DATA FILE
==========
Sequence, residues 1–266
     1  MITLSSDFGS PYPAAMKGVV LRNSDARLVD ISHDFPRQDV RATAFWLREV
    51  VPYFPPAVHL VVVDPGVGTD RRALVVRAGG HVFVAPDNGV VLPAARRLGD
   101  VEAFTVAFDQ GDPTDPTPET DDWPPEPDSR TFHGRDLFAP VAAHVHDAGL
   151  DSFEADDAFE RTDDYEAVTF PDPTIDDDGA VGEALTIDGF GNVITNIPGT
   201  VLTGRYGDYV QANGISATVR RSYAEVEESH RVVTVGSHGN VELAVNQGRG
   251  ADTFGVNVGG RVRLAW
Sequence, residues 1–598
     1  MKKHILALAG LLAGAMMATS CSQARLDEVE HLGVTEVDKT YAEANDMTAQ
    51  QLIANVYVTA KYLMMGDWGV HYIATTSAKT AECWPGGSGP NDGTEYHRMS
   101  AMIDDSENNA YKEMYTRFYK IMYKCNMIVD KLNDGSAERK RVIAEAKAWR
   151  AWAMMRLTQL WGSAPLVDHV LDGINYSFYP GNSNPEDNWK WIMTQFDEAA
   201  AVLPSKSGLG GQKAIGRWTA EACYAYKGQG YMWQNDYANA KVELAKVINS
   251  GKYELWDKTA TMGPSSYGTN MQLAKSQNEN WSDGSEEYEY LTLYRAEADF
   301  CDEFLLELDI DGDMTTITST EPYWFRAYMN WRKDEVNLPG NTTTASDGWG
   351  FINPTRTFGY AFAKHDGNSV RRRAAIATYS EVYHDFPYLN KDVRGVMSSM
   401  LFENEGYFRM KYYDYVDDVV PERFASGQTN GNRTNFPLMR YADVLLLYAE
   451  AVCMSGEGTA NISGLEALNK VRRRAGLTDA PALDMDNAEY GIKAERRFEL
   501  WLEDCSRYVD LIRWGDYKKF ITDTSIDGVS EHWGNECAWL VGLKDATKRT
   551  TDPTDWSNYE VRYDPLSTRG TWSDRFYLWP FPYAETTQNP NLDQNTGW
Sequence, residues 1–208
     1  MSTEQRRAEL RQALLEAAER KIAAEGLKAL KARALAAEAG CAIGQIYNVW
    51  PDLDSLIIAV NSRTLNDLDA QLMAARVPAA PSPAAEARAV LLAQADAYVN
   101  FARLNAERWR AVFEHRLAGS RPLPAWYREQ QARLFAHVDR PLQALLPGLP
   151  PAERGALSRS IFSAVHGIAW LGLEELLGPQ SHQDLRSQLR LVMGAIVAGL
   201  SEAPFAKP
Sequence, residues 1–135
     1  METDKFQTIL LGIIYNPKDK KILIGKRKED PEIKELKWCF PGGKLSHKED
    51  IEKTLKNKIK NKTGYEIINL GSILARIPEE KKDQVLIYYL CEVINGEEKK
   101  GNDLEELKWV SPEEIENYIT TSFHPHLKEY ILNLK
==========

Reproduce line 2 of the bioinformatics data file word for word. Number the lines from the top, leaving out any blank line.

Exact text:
     1  MITLSSDFGS PYPAAMKGVV LRNSDARLVD ISHDFPRQDV RATAFWLREV